Which modern-day Norwegian Bible translations have been explicitly approved by the Vatican or other authorities authorized to make such an approval?

The Catholic translation of the New Testament by Erik Gunnes (1969) is widely used, and I have read that the newest translation (2011) from the Norwegian Bible Society (NO2011) has been accepted with a few changes, and NO1930 also appears to have been accepted to some degree after Vatican II. Still, regarding other translations existing which there are fewer written traces of within Norwegian Catholicism, e.g. NO1978/85, or Norsk Bibel 1988/2007 (which is concordant and close to NO1930), I wonder if canon 825 (or other sources) permits, or advice against, the use of these.

The general advice of not using any translation from non-Catholic sources resulted in Offerdahl's work and its ammendment prior to Vatican II, but both this and Gunnes contain only the New Testament. It is noteworthy how the former in a standard way refers to OT passages while at the same time it leaves no doubt that any Norwegian or Danish translation of the Old Testament in existence at the time was forbidden for a Catholic to read.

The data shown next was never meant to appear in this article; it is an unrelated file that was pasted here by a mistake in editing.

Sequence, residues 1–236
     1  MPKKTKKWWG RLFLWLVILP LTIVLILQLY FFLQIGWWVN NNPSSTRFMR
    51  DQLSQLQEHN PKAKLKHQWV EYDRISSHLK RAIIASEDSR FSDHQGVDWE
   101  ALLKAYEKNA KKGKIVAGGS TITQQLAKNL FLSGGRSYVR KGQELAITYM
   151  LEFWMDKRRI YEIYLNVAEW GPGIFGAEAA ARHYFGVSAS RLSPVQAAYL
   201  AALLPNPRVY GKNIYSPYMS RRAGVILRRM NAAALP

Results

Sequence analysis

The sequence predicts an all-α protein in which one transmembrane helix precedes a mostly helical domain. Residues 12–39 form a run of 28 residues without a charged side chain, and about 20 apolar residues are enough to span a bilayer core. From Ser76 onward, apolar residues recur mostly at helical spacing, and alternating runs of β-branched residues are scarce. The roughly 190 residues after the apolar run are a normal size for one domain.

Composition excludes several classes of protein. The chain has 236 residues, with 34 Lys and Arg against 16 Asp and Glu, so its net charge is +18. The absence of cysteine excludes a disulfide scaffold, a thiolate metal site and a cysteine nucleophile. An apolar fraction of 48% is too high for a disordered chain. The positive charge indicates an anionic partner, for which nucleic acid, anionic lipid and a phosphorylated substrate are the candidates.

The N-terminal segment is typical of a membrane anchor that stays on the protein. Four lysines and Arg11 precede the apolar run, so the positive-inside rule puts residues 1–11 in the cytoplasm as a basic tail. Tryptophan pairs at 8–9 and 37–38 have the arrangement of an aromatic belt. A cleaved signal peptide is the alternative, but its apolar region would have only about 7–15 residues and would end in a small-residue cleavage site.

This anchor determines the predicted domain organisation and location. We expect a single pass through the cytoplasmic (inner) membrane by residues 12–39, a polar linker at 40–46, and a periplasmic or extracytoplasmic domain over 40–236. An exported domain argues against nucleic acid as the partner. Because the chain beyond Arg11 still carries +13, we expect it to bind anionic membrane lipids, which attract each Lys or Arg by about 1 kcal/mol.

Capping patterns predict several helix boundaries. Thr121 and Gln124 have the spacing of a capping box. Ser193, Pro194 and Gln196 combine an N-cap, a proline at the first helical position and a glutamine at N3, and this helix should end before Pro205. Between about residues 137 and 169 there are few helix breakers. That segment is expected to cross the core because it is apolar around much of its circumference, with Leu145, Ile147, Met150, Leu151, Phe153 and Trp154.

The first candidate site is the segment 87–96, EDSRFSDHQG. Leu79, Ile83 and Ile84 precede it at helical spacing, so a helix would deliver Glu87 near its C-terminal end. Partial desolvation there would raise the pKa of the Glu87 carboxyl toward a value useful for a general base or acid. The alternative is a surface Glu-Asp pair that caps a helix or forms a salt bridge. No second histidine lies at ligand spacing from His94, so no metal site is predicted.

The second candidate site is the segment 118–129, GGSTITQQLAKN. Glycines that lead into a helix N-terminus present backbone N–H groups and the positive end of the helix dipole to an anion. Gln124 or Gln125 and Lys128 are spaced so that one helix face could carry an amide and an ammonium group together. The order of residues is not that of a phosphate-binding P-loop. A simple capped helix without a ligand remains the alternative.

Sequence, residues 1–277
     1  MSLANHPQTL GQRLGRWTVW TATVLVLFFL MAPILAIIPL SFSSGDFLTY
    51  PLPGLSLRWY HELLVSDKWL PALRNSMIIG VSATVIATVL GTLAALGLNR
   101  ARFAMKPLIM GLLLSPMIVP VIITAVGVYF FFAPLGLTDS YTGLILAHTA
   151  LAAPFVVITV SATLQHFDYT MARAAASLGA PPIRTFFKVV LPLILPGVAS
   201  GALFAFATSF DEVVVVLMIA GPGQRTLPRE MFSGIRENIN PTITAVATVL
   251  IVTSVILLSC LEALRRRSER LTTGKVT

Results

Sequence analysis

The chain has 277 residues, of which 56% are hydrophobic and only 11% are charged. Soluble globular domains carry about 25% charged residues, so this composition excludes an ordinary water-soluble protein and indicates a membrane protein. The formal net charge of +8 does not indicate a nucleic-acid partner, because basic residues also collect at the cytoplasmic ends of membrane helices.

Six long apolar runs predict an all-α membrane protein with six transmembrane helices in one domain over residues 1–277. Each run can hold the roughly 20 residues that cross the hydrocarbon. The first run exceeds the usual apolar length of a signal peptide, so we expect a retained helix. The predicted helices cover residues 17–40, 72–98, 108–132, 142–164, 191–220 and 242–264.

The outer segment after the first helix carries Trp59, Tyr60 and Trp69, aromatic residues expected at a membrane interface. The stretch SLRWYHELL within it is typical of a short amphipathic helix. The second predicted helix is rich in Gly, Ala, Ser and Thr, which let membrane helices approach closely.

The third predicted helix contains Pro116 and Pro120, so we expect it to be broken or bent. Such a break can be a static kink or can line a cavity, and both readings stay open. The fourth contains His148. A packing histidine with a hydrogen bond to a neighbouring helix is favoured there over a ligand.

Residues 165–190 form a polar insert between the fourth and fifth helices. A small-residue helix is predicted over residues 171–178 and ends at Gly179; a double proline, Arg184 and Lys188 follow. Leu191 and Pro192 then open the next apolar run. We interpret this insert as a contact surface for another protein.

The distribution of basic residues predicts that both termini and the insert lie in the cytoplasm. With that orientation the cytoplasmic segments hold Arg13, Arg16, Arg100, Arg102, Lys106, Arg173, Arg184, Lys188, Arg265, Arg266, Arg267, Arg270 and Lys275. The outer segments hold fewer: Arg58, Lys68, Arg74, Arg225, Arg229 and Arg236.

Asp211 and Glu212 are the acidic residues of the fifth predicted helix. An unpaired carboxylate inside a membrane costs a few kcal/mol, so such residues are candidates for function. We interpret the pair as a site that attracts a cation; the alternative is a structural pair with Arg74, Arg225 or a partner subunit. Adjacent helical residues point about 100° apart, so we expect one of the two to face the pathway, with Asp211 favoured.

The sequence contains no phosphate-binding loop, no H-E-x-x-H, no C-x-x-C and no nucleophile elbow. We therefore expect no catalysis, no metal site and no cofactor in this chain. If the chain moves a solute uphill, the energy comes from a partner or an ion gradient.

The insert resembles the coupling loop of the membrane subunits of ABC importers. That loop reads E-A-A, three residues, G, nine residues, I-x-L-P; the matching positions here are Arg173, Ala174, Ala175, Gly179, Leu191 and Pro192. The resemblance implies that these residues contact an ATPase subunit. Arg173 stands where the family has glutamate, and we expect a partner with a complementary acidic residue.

• Normally the Norwegian (Scandinavian) National Conference of Catholic Bishops will have this type of information on their national website.
    – Ken Graham
    Aug 6 at 18:46
  • I have not found anything online covering the question. As for the Nordic Conference of Catholic Bishops, it should perhaps be in this (katolsk.no/dokumenter/norden) list of documents, but nothing suggests they cover the topic in question.
    – SoSfT
    Aug 6 at 20:47
  • Unfortunately I not understand the language. But might be able to ask a priest friend for you?
    – Ken Graham
    Aug 7 at 1:44
  • There's this article: katolsk.no/tro/tema/tradisjon/artikler/… but I can't imagine that everything examined is actually permitted for use at all, let alone merely in private. Aug 9 at 13:22


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